The best part is being able to spend time in the outdoors where there always seems to be something new to discover. For instance I went out to the Big Scrub in the Ocala National Forest one day with the intention of shooting scrub jays (with a camera, not a gun) but the birds were not cooperative.  They all insisted on staying between me and the sun which usually does not make for very good photos.  But while wandering around in the scrub, I discovered several plants that I had not seen before and a cute little bee fly.  One of the plants was Curtiss' milkweed, a species that like our Florida scrub jay occurs nowhere in the world except in Florida.
 
 
Curtiss' Milkweed - native of the Florida scrub
 
What part do you find most challenging?
Finding the time to get out and make all the photographs that I want, as I still also have a day job as a network administrator.  On the detail level, our refreshing Florida breezes can make many images - especially of plants - difficult to capture.
 
You are also a certified Florida Master Naturalist. How has that education and knowledge changed your art?
The knowledge attained from the Master Naturalist program is very complementary to the art of nature photography.  It helps with things like learning where various subjects can be found or when the most likely time is to see them, and can  even help me to capture  particular behaviors.

Do you ever wish you would just pack up your bags and become a photographer of the Arctic or desert?
I do like the look of some of the dramatic western desert and canyon photography, and would like to shoot some of those scenes at some point, but I don’t think I would like to limit myself to a single subject.  My wife & I travel often, and I do take those opportunities to do some photography in different places.
 
Is there a shot you missed that haunts you? 
I was out at Lake Woodruff wildlife refuge near DeLand one day.  I had spent the morning on subjects along the impoundments, then hiked the (then just opened) trail to the lake and back.  I sat down on a bench on one of the levees and was watching an alligator in the canal when there was a sudden splash and commotion of birds behind me.  I swung around just in time to see a disappointed and wet bobcat sauntering back into the weeds with several herons haranguing the cat from above.  A few moments earlier would have been a great shot.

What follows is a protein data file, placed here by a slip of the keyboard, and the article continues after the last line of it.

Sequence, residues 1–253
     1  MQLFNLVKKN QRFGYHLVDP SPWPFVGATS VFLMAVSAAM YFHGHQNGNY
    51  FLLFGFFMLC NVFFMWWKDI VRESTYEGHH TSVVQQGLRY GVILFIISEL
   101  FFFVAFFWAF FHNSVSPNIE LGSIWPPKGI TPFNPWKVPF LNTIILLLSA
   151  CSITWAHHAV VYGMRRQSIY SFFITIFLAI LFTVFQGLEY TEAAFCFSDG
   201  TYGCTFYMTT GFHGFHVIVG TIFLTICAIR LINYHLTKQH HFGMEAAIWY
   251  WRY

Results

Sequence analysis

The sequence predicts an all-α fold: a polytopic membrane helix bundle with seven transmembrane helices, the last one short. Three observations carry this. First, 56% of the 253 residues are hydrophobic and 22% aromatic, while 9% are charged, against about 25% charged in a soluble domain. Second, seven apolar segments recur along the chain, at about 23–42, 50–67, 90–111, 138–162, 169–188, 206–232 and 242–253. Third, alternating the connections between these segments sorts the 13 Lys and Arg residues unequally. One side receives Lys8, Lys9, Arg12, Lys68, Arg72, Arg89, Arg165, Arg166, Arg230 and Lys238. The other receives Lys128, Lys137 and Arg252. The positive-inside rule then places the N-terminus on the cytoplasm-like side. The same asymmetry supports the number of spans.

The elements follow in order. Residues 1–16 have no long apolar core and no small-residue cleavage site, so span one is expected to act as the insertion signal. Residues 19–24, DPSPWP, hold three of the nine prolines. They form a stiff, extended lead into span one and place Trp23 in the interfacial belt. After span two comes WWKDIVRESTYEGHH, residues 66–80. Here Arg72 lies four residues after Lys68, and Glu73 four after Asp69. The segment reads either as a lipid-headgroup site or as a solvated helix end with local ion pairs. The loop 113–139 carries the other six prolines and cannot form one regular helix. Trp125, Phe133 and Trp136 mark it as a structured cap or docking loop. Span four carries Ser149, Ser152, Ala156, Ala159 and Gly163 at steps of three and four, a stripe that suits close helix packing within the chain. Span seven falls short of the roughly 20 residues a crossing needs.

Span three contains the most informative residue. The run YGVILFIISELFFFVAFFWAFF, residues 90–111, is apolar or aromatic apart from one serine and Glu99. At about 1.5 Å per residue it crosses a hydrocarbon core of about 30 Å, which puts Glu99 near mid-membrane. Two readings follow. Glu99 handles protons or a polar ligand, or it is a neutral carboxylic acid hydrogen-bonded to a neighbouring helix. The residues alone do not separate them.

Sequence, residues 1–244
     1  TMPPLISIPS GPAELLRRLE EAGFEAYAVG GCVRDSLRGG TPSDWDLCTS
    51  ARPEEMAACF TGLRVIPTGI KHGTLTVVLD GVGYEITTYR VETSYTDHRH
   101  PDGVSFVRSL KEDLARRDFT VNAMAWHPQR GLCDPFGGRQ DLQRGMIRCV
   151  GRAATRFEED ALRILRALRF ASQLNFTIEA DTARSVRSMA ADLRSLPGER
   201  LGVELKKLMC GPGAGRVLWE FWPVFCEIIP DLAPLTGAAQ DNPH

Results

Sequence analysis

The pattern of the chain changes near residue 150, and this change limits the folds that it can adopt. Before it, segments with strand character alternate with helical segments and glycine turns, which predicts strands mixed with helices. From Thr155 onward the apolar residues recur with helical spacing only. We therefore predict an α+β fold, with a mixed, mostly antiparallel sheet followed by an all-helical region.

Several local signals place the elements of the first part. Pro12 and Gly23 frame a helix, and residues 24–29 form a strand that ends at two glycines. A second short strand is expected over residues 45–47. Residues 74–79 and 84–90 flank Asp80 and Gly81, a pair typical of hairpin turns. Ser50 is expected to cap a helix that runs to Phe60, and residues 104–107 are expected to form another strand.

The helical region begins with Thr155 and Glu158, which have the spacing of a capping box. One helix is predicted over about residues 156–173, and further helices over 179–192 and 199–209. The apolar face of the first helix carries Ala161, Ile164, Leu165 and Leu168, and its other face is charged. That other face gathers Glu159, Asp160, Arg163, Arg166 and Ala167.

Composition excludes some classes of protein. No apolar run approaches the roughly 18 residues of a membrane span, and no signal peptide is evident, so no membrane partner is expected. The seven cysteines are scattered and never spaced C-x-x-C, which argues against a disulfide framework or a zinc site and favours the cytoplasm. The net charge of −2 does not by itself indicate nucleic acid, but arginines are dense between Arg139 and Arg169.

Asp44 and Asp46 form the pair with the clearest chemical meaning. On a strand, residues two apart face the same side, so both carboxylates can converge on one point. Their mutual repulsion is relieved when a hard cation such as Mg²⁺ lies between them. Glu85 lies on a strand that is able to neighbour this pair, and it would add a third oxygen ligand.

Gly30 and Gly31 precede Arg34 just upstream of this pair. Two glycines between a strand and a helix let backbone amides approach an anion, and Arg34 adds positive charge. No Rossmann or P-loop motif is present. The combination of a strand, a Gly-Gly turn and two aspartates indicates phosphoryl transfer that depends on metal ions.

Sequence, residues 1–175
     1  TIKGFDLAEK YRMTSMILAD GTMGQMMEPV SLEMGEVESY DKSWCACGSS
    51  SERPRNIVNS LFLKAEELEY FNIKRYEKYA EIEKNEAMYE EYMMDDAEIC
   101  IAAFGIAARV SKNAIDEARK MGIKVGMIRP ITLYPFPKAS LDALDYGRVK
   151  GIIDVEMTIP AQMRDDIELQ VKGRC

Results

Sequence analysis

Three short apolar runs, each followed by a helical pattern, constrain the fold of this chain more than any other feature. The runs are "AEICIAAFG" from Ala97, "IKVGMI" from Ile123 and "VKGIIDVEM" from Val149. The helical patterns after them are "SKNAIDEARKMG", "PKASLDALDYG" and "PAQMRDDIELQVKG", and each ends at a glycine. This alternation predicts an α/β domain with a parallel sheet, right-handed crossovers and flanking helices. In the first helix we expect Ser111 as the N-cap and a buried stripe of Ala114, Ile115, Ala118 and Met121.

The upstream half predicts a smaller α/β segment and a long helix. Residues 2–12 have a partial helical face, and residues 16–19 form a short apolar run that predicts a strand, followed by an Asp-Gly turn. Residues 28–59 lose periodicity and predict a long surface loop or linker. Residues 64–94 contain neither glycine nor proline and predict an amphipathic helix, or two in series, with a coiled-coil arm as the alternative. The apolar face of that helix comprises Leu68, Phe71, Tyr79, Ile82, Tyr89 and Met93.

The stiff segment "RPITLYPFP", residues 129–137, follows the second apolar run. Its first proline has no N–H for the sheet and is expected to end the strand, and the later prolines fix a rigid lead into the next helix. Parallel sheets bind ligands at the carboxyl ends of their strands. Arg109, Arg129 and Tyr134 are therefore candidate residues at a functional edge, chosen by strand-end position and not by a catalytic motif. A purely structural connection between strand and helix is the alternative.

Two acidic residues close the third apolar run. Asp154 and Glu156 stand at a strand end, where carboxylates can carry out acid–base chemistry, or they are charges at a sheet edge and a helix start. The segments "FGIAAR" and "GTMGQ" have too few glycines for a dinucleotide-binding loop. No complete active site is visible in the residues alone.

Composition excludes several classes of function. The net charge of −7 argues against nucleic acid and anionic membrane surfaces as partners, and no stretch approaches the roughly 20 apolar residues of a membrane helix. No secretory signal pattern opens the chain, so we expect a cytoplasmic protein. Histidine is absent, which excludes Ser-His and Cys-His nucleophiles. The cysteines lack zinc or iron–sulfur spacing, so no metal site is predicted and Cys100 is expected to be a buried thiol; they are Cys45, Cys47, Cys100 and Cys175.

Is there a dream shot that motivates you that you can't ever seem to capture?
A Florida panther in the wild, or at least a bear, which I seem to only see along roads.
Florida Scrub Jay - Florida endemic and superstar of the scrub

wildflphoto.com  - Paul's main website, with information about and photos of over 600 plants and more than 300 animals, plus other scenes from Florida

paul-rebmann.fineartamerica.com - where select images can be ordered online in various format prints, including traditional photo, canvas, acrylic and metal or as greeting cards

youtube.com/NaturePaul - where I occasionally post videos of nature subjects

@WildFlPhoto on twitter

 bio
Paul Rebmann has been a resident of Florida for more than thirty years and has spent much of the past fifteen years learning about, exploring and photographing nature all around the Sunshine State. A Florida Master Naturalist, he is a longtime member of both the Florida Native Plant Society and the Audubon Society, providing opportunities to learn from many of our experts about the various ecosystems, and the plants and animals that inhabit them.
 
Employed full-time as a network administrator in Ormond Beach, Paul is also a part-time nature photographer with images published in several field guides, periodicals, including The Palmetto and Backpacker magazine, and utilized in exhibits at Weedon Island Preserve and Lyonia Environmental Center. A number of images have also won awards in the Orange Audubon Society's Kit & Sidney Chertok Nature Photography Contest.

Paul and his wife Virginia reside in Ormond Beach